- Central Africa
- Immigration - Governance
Bakassi returnees overwhelm Nigerian gov’t amid Cameroonian persecution fears
The Nigerian government has announced it is unprepared for the tens of thousands of returnees who have fled the southern Bakassi province over the past month, and is calling on the UN to help it handle the unexpected return.
Up to 76,000 returnees have registered at 12 sites in Akwa Ibom and Cross River states, according to Victor Antai, council chairman of Mbo, one of the sites in Akwa Ibom.
“We never envisaged such a flow of returnees,” Florence Ita-Giwa, head of the presidential task force on the resettlement and rehabilitation of Nigerian returnees, said. “It is because the situation in Bakassi [now under Cameroonian control] after the [14 August] handover has not been conducive, so they had to flee back to Nigeria. We had thought many of them would have stayed for at least a few more years.”
“There is an urgent need for the United Nations to come in and assist because people are stranded. People are all over the place,” she continued.
A five-year joint administration agreement was set up between Nigeria and Cameroon to ensure a peaceful handover and encourage Nigerians to remain in Bakassi, according to Ita-Giwa.
Youcef Ait Chellouche, disaster management coordinator for the Dakar office of the International Federation of the Red Cross (IFRC), said that reports from the region indicate Bakassi residents feared persecution by Cameroon security services.
Nigerians started fleeing Bakassi following the 14 August 2008 ceremony between the governments of Cameroon and Nigeria, which officially handed over administration of the disputed Bakassi peninsula to Cameroon.
“Our infrastructure has been overstretched…Our resources can no longer sustain us. It has taken its toll on the council,” said Mbo councilman Antai. The normal population of more than 100,000 in Mbo, the closest point to Bakassi on the Nigeria mainland, has swelled to 180,000 according to him.
In the Akwa Ibom state capital of Uyo, about 1,000 displaced returnees stormed the governor’s office on 22 September to protest what they called ‘inhumane’ living conditions and the lack of federal aid, spelling out their complaints on hastily-cobbled signs: “We are Bakassi returnees, Please Help Us, “Please Help Us, We are Dying, and “We need Shelter, Please Help,” according to observers.
Ikpe Okon Awonshak, one of the protestors, said he felt he had run out of options. “Perhaps we should have stayed back in Bakassi to be killed by the Cameroonian soldiers, rather than come back and face these harsh conditions. We are dying here, our children are malnourished and the medical facilities are inadequate.”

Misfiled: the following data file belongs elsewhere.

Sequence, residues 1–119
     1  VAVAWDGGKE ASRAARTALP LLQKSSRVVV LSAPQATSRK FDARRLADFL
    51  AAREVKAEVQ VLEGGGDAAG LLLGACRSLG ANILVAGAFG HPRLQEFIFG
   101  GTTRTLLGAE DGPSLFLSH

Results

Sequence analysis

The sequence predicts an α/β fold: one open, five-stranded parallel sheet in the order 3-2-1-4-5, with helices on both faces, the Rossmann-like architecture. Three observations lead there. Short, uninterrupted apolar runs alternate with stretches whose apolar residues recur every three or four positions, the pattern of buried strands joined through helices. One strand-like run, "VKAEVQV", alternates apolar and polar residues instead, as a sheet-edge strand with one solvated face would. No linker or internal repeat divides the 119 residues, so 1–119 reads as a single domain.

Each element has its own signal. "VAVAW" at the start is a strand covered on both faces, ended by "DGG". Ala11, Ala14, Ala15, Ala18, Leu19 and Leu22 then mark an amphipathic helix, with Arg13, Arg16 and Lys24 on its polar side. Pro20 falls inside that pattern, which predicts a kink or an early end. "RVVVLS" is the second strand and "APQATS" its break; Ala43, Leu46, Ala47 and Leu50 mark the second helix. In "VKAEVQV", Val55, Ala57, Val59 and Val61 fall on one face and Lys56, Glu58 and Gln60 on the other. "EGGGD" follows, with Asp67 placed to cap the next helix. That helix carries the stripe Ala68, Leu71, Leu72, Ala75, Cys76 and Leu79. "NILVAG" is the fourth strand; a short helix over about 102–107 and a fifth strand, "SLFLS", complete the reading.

There is as yet a skeletal humanitarian presence on the ground and has been no thorough independent assessment to analyse the situation on the ground in Bakassi, why people have been leaving the peninsula in such large numbers, or what their next steps will be.
Reports of deaths
Local Nigerian media reported on 22 September the deaths of 15 returnees, of which there has been no independent confirmation.
Mbo councilman Atai confirmed separate casualties at an Mbo camp where two people died of high blood pressure.
Essien Ayi, a Bakassi representative in the federal government, said Bakassi returnees are entitled to federal housing and resettlement help.
“It is the duty of the states, in conjunction with the federal government, to find a way to resettle all returnees because when the handover took place, the government said Nigerians had two options; to come back and be resettled, or remain as Nigerians in Cameroon. So those who opted out should be resettled…as soon as possible.” Ayi said.
The national government provided US$17 million to Cross River state to build a permanent settlement for the returnees; so far, 140 new houses have been completed, but work on the estimated US$200 million settlement has slowed because of money problems, according to resettlement task force member Ita-Giwa.
With federal attention focused on Cross River, authorities in neighbouring Akwa-Ibom cry negligence. “80 percent of the displaced people from Bakassi were originally from Akwa-Ibom,” Antai insisted, “My plea is that the federal government should come to our aid as well…We need to improve the general hospital and build more primary and secondary schools because enrolment is about to jump by 100 percent.”
Ita-Giwa says it us the UN’s responsibility to help, given it helped broker the Green Tree Bakassi handover agreement after the International Court of Justice Ruling in 2002.
According to Olivia Hantz at the UN Office for the Coordination of Humanitarian Affairs, the UN Office for West Africa is dispatching a human rights team to assess the situation, while other UN agencies are monitoring developments. “It is not yet a humanitarian crisis,” said Hantz, “but we will watch closely to see if that changes.”
The IFRC is sending an assessment mission within the next week to determine how many people need support, what kind of support they need, and how to help the government meet these needs in the short term while stressing that the IFRC’s efforts will be finite.
According to the IFRC’s Ait Chellouche, a 2006 government census listed only 32,000 people in the Bakassi peninsula, so the numbers need to be verified. It is possible, he says, that some who have moved, do not originally come from Bakassi.
“The situation is chaotic”, said the IFRC’s Ait Chellouche, “we need to establish the facts. The situation can change very quickly."
As national and international groups start answering their calls for help, returnees remain despondent. Returnee Affiong Okon said, “We really don’t know what plans the government has for us. We are in the dark concerning our future.”